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Cause of the Code 39 Error
In most cases, a Code 39 error is caused by either a missing driver for that particular piece of hardware or by a Windows Registry issue. While less common, a Code 39 error can also be caused by a corrupt driver or driver related file.
1. Restart your computer if you haven't done so already.
There is always the slim possibility that the Code 39 error you're seeing in Device Manager was caused by some fluke with Device Manager or your BIOS. If that's true, a simple reboot might fix the Code 39.
2. Did you install a device or make a change in Device Manager just before you noticed the Code 39? If so, there's a good chance that the change you made caused the Code 39 error.
Undo the change, restart your PC, and then check for the Code 39 error again.
Depending on what changes you made, some solutions might include:
* Remove or reconfigure the newly installed device.
* Roll back the driver to a version prior to your update.
* Use System Restore to undo recent Device Manager related changes.
3. Delete the UpperFilters and LowerFilters registry values. A common cause of Code 39 errors is the corruption of two specific registry values in the DVD/CD-ROM Drive Class registry key.
Note: Deleting similar values in the Windows Registry could also fix a Code 39 error that appears on hardware other than a DVD or CD drive. The UpperFilters/LowerFilters tutorial linked above will show you exactly what you need to do.
4. Reinstall the drivers for the device. Uninstalling and then reinstalling the drivers for the device that's experiencing the Code 39 error is a likely solution to this problem.
Note: Properly reinstalling a driver, as in the instructions linked above, is not the same as simply updating a driver. A full driver reinstall involves completely removing the currently installed driver and then letting Windows install it over again from scratch.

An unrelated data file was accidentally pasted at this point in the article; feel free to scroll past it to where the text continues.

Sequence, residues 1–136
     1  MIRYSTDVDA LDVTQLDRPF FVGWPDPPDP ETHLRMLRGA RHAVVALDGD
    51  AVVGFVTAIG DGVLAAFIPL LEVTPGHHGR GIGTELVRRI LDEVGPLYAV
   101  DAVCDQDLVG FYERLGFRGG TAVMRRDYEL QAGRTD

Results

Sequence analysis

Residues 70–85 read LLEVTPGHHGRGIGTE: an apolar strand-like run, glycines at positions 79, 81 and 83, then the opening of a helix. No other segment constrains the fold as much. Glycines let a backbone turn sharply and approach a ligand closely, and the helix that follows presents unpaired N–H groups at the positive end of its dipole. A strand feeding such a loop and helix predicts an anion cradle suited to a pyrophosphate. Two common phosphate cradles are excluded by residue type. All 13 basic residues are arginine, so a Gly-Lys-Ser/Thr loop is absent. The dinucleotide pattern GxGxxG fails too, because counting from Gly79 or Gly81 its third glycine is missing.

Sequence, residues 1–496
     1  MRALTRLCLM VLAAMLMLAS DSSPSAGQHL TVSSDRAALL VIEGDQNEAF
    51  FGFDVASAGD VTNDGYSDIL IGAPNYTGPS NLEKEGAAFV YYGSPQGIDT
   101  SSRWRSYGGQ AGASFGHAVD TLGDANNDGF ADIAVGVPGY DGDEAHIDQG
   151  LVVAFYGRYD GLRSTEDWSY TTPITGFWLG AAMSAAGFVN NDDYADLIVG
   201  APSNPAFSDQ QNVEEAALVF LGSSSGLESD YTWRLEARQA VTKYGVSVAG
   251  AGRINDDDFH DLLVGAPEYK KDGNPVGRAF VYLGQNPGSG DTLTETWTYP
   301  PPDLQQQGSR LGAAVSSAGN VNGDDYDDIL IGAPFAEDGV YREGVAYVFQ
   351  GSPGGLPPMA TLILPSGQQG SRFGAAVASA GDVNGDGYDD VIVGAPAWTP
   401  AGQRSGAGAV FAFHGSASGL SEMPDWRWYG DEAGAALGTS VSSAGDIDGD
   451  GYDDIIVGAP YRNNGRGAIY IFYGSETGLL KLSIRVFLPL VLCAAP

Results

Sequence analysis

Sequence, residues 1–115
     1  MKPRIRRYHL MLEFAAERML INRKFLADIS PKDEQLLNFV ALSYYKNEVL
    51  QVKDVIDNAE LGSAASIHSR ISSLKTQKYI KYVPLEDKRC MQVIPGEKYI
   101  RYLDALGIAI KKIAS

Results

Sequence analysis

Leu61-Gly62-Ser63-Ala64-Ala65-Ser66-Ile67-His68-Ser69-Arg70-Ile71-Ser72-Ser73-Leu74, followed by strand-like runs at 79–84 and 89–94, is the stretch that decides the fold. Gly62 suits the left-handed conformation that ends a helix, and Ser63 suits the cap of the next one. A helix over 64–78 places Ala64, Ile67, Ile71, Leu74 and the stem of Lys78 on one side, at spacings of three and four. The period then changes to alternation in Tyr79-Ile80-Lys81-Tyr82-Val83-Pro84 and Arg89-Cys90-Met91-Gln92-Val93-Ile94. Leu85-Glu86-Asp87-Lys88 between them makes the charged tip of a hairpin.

5. Update the drivers for the device. It's possible that installing the latest manufacturer supplied drivers for a device could fix the Code 39 error. If this works, it means that the stored drivers that you reinstalled in Step 4 were probably corrupted.
6. Replace the hardware. As a last resort, due to a malfunction with the hardware, you may need to replace the device with the Code 39 error.
It's also possible that the device is not compatible with this version of Windows. You can check the Windows HCL to be sure.
Note: If you're convinced there is still an operating system component to this Code 39 error, you could try a repair install of Windows and if that doesn't work, a clean install of Windows. I don't recommend doing either before you try replacing the hardware, but they may be necessary if you've exhausted all of your other options.
Please let me know if you've fixed a Code 39 error using a method that I don't have above. I'd like to keep this page as updated as possible.
The Code 39 error could apply to any hardware device in Device Manager. In most cases, however, the Code 39 error appears on optical drives like CD and DVD drives.
Any of Microsoft's operating systems could experience a Code 39 Device Manager error including Windows 7, Windows Vista, Windows XP, and more.